After breakneck expansion, new real estate agency China's Qfang wants to optimise strategy
After a few years of breakneck expansion, pioneering real estate agency Qfang needs to pause and optimise its strategy before picking up the pace again soon, its founder Liang Wenhua said.
Qfang is built on a traditional agency Shihua Real Estate Company Liang founded in Shenzhen in 2000. But it is different -- as now is the internet era.
“Our dream is to activate all real estate in the global village through our platform,” said Liang, who started working in the property industry since 1992.
Last Friday, Qfang signed a strategic collaboration agreement to sell homes built by Dubai-based luxury developer Damac Properties.
Qfang has also been branching out quickly in Hong Kong since March, led by a team of former executives from Midland Holdings.
Over the past year, Liang aggressively grew the number of offline outlets to over 1,200 across 19 Chinese cities from about 200. On the other hand, he has been trying to establish an open online platform to connect home buyers, sellers and agents.
That is a race Qfang and its rivals, including fangdd, Soufun Holdings and Homelink, must win to define their industry position before the dust settles in the next three to five years. Meanwhile, challengers can spring out any time, armed with better ideas.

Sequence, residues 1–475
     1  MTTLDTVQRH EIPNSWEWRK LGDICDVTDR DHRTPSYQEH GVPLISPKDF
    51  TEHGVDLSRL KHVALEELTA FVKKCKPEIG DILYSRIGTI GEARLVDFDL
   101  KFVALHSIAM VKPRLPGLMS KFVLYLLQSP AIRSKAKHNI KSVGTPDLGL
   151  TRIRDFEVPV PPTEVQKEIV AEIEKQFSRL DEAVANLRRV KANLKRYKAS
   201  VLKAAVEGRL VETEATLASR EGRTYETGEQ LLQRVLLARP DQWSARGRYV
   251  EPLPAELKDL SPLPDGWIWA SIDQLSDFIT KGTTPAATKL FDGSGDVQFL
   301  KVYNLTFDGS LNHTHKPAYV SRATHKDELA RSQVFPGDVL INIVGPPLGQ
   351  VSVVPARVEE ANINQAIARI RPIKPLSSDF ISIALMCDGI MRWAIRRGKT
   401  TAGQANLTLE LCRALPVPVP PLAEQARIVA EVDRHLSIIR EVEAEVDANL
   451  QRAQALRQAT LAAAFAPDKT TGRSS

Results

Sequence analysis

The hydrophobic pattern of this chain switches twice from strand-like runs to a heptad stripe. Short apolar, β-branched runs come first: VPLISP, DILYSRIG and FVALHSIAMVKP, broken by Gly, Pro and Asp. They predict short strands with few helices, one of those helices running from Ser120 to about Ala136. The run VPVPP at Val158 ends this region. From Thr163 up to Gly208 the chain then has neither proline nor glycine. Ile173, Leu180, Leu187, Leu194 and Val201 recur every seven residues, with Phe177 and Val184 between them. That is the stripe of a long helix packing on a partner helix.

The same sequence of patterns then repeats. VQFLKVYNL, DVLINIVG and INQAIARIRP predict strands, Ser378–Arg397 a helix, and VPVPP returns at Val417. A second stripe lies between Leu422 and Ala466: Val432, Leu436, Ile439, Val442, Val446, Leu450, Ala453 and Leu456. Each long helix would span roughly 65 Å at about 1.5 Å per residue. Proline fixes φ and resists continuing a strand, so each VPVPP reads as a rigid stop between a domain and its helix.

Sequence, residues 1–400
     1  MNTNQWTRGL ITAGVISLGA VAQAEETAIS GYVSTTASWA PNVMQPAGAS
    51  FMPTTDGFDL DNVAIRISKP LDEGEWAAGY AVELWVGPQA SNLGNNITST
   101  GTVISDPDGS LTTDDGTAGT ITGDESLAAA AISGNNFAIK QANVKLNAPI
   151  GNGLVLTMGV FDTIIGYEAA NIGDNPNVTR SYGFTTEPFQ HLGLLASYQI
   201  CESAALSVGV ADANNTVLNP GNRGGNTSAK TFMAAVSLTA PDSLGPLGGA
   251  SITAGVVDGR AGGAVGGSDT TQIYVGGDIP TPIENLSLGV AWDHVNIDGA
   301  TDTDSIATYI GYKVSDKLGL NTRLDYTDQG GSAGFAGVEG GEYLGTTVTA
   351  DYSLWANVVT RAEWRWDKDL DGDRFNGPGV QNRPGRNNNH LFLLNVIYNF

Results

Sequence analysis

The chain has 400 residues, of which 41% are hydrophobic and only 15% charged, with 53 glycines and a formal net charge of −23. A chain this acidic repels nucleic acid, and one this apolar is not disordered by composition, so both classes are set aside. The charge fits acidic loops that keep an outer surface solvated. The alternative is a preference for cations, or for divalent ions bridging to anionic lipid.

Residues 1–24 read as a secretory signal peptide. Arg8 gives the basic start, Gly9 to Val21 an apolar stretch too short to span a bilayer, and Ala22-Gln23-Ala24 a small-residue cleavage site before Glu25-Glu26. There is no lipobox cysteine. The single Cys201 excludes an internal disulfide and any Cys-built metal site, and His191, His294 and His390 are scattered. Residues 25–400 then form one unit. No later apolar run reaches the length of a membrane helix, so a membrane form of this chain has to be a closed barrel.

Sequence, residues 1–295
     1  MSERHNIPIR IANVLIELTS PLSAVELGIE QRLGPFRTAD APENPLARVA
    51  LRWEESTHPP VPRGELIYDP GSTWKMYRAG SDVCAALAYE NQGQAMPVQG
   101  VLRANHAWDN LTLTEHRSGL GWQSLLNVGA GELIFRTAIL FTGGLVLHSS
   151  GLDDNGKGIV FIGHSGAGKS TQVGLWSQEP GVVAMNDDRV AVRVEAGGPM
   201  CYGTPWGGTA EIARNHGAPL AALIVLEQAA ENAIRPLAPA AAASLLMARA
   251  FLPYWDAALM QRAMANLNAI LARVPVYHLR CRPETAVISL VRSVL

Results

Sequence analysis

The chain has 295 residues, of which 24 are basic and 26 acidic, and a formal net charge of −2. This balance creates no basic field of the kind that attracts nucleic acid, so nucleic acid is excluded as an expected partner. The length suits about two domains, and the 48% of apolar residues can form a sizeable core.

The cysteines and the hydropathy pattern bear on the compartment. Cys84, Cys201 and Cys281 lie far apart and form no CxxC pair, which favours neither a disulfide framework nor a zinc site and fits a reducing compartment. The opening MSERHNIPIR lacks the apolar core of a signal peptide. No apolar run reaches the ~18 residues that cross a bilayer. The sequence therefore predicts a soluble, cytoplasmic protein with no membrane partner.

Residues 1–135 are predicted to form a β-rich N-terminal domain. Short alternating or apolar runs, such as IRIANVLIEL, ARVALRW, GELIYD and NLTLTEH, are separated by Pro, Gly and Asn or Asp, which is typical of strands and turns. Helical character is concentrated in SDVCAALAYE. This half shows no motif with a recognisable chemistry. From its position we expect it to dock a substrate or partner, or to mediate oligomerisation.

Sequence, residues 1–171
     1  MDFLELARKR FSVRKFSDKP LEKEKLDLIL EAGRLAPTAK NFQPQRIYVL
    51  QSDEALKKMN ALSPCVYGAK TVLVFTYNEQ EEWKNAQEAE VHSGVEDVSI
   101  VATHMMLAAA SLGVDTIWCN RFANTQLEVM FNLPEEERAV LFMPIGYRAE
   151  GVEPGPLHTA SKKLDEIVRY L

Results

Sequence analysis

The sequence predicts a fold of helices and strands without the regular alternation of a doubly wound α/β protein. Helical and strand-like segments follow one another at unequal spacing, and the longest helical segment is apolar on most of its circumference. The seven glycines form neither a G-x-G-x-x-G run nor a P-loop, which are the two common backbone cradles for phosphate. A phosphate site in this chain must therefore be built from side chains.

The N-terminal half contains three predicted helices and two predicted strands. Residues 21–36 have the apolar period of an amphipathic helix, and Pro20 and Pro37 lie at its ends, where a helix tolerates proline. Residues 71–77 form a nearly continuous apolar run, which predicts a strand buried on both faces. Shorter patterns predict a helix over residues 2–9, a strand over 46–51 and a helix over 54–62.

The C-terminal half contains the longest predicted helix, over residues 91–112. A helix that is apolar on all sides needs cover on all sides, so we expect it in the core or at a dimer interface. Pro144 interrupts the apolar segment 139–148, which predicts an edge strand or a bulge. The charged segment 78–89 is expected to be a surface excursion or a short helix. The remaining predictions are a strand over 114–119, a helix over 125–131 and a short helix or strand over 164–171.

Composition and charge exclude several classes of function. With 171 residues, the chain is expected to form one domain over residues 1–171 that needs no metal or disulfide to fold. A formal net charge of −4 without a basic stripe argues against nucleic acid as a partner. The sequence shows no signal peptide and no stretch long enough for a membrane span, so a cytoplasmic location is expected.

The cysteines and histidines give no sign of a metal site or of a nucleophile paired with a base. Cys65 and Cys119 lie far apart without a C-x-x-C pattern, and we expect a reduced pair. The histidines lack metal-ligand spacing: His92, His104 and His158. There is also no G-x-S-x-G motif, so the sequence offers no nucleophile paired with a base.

They have a consensus that the old way of broking property deals no longer works and that what matters most is to deliver best services to clients, as there is little chance to make money from the information gap as they did in the past.
But how? Each has a different strategy. Soufun Holdings, China’s biggest real estate website, is now building teams offline. Homelink is doing the opposite, as it has long been the largest real estate agency in Beijing and has been acquiring small rivals in Shanghai and other cities in recent months, while also doubling efforts to improve its online platform.
“It’s hard to say which model will become successful,” said He Yinyu, chief executive officer of Leju, also an online-to-offline real estate service provider in China.
“It’s worth paying attention as to what impact the internet will bring to existing home transaction platforms,” he told a recent forum. “So far, it remains that the most important thing is still the sources of existing homes.”
That means, agencies, old or new, need to build up offline teams to collect and increase the listings of existing homes on their outlets or online platforms.
“It is a very tough job (to build up database),” Qfang’s Liang told a forum in Macau. “We have been doing it for four years, putting a lot of effort but unable to generate a penny out of it yet.”
His company’s database now covers 40 cities, 55 million existing homes. Apart from ownership, flat structure and interiors, the information also includes the surrounding area such as schools, hospital, transportation and shopping.
“This is a meaningful thing to do, but will not necessarily make money,” Liang added.
That means he needs to raise funds to support future expansion. In March, a Shenzhen-listed real estate agency Worldunion, which mainly helps developers selling new homes, announced it plans to invest 420 million yuan for a 15 per cent stake.
“We’ve been expanding very fast. Now we need to think and optimise (what we do),” Liang said. “Of course, we will keep developing fast in the future. But it’s better if we can pause and think for a while and then pick up the pace again.”